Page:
A 13-year-old girl came with the chief complaint of an unesthetic dental appearance. Her maxillary canines were bilaterally impacted. Treatment included extraction of the maxillary canines and the mandibular second premolars. The maxillary first premolars were substituted for the canines. After 26 months of active treatment, the patient had a Class I molar relationship and ideal overbite and overjet. Her profile was improved, lips were competent, and gingival levels were acceptable. Cephalometric evaluation showed acceptable maxillary and mandibular incisor inclinations. Intraoral pictures taken 3 years 7 months after the end of treatment demonstrated that the extraction of impacted canines and their substitution by first premolars can be a valid alternative to traditional orthodontic treatment when maxillary premolar extraction is a treatment option.
The prevalence of impacted canines has been reported to be from 0.2% to 2.8%, and it is significantly higher in female subjects than in males (male:female ratio, 51:3).
In most patients, the impacted canines are ectopically positioned. Eighty-five percent are palatal to the dental arch. However, in a recent study of 156 ectopically positioned canines, 50% were in a palatal or distopalatal position, 39% in a buccal or distobuccal position, and 11% apical to the adjacent incisor or between the roots of the central and lateral incisors. Various etiologic factors have been implicated for impacted maxillary canines: eg, ectopic position of the tooth germ, lack of space, lack of guidance, and genetic factors.
Maxillary canines play an important role in creating good facial and smile esthetics, since they are positioned at the corners of the dental arch, forming the canine eminence for support of the alar base and the upper lip. Furthermore, when the maxillary canines are properly aligned and have good shape and size, pleasing anterior dental proportions and correct smile lines are achieved. Functionally, they support the dentition, contributing to disarticulation during lateral movements in certain persons.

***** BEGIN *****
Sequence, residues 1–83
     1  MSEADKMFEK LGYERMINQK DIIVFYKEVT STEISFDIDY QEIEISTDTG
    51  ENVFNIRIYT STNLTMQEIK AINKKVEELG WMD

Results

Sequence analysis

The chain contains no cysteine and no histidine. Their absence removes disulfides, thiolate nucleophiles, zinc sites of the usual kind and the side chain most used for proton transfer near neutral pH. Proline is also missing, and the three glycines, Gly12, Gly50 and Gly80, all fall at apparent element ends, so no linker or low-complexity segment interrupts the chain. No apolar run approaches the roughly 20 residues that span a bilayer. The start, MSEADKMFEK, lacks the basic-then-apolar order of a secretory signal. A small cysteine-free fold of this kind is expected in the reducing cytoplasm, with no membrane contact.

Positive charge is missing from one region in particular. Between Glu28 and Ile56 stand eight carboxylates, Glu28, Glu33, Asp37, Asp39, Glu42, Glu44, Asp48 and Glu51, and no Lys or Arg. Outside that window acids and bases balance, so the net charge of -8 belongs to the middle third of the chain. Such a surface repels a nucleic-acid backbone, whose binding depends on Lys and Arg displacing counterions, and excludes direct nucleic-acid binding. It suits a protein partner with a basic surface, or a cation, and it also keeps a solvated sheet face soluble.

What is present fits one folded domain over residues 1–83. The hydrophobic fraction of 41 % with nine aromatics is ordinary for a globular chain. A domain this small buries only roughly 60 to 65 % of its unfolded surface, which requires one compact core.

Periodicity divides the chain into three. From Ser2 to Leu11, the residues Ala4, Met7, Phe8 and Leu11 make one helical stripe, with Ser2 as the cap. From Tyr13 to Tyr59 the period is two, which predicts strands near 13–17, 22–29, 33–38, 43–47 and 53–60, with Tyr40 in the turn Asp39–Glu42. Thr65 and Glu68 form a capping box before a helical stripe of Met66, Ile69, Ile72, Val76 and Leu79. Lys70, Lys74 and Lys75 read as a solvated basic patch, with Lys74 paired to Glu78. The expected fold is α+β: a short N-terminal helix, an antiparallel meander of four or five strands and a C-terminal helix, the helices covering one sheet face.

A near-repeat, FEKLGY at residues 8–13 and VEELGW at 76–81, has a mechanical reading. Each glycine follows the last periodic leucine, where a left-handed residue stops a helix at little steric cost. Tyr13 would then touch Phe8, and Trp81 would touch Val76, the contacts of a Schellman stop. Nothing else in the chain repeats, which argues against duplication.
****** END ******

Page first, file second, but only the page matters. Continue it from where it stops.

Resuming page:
Impacted canines can be successfully aligned in the arches by a combined orthodontic-surgical approach, and several treatment strategies have been proposed. Such complex therapeutic management should be considered successful if the impacted canine is properly aligned in the dental arch with a healthy periodontium. However, some adverse effects related to the orthodontic extrusion of an impacted canine have been described in the literature. Differences in tooth color, alignment, vitality, probing pocket depth, and crestal bone and gingival margin heights have been reported between the previously impacted canine and its contralateral tooth. Furthermore, apical root resorption and loss of hard and soft periodontal tissues have been observed in teeth adjacent to the extruded canine.
Although the treatment of choice for an impacted canine is a combined surgical-orthodontic approach, an alternative treatment in a patient with bilateral palatally impacted canines is presented.
Diagnosis and etiology